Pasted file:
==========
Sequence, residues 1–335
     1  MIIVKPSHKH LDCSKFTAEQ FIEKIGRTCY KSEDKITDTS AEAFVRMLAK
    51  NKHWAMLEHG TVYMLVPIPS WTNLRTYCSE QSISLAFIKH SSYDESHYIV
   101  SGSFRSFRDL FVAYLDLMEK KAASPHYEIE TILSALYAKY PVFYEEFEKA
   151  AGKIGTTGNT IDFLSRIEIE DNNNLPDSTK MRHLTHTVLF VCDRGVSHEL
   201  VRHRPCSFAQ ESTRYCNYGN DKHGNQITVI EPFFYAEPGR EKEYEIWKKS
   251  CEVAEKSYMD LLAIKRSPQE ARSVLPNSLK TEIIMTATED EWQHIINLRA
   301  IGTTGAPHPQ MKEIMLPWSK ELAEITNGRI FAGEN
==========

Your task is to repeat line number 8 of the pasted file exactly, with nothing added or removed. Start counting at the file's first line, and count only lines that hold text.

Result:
   301  IGTTGAPHPQ MKEIMLPWSK ELAEITNGRI FAGEN